- If you feel obligated and weighed down, tell yourself “I don’t have to; I get to.” (p. 28)
- When you have too many other things to do, remember “only two things remain in the end: God’s word and our relationships.” (p. 30)
- If you don’t feel capable, remember “He doesn’t require or expect anything fancy; we put that pressure on ourselves. He delights in the everyday average.” (p. 51)
We can all come up with excuses to wait for the perfect opportunity to invite others in, waiting for the kids to clean their rooms or your husband to mow the grass, but the truth is that we want to invite people into our lives, not just present pretty pictures of them.
The question is, “why?”
Why should we open our homes to others? Because, as Jen puts it, home is “our greatest mission field, where we don’t even have to go anywhere to watch the Lord at work.” (p. 30)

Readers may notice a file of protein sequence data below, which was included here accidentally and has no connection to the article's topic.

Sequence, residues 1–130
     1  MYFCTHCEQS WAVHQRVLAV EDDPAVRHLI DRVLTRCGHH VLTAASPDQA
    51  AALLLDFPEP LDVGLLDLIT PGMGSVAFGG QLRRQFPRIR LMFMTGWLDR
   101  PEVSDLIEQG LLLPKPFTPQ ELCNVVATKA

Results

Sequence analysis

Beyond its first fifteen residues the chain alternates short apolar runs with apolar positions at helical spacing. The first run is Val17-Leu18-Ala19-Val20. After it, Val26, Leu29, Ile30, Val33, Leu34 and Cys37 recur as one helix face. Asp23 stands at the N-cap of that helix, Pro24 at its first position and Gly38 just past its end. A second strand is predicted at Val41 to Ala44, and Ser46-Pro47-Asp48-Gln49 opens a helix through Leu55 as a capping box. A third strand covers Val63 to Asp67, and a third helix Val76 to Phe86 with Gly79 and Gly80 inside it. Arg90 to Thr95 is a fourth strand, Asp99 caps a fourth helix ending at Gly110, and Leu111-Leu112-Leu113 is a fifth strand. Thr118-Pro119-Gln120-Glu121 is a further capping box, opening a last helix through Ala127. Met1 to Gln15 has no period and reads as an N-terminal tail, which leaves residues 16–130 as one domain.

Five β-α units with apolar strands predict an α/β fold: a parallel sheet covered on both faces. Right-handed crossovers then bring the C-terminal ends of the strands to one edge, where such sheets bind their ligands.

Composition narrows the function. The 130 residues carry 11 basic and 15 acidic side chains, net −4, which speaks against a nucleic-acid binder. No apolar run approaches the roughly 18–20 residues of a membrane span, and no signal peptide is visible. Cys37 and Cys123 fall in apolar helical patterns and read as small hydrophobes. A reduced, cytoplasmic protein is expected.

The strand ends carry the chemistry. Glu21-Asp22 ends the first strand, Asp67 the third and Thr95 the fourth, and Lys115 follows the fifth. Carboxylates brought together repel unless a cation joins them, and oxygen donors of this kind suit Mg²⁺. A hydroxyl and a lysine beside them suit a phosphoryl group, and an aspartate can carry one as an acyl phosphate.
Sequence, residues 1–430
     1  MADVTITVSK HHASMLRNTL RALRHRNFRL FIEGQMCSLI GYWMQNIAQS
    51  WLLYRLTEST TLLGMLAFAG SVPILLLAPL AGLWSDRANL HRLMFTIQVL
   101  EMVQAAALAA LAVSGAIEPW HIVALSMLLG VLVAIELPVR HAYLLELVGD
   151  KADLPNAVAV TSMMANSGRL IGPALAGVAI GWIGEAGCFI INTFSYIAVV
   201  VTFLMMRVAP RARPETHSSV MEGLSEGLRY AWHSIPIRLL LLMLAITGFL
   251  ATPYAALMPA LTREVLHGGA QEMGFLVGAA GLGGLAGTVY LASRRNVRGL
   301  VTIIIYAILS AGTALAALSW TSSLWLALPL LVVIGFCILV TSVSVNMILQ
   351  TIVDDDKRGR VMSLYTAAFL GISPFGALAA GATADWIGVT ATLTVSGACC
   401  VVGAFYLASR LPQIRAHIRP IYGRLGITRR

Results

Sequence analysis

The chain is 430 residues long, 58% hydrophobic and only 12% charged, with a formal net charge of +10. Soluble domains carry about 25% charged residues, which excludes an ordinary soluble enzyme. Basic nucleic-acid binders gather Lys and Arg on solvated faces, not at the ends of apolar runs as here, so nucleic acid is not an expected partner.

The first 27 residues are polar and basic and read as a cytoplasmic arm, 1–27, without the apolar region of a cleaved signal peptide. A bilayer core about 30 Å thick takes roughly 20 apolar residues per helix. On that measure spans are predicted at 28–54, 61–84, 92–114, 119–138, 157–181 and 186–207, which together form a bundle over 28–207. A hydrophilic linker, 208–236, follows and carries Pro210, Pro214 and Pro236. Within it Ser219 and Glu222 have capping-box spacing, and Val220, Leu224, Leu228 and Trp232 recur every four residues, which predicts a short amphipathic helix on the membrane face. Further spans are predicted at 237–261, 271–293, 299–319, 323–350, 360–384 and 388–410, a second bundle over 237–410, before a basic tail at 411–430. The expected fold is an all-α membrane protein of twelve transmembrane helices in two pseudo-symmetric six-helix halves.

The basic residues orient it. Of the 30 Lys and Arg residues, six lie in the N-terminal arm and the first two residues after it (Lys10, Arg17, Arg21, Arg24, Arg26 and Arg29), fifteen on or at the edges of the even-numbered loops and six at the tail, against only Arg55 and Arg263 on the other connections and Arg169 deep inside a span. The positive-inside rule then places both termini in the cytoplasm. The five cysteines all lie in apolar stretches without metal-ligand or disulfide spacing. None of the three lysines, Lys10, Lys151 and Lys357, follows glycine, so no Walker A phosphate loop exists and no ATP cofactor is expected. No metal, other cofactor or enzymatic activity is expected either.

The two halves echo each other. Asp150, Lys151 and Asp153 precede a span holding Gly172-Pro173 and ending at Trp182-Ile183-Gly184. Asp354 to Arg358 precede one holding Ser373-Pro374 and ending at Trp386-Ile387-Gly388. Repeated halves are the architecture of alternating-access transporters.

The People You Might Impact
And, when he’s working in our homes, we are not the only ones who see it. Hospitality has a profound impact on our children, teaching them to include others, to serve, and to look for what the Lord is doing.
If those are lessons I want my kids to learn, they are lessons I have to live.When it comes to hospitality, I have to live the lessons I want my kids to learn.Click To Tweet
They have to see me open the door and pour the coffee. My kids need to watch as I listen and serve. And, they also need to help me do it.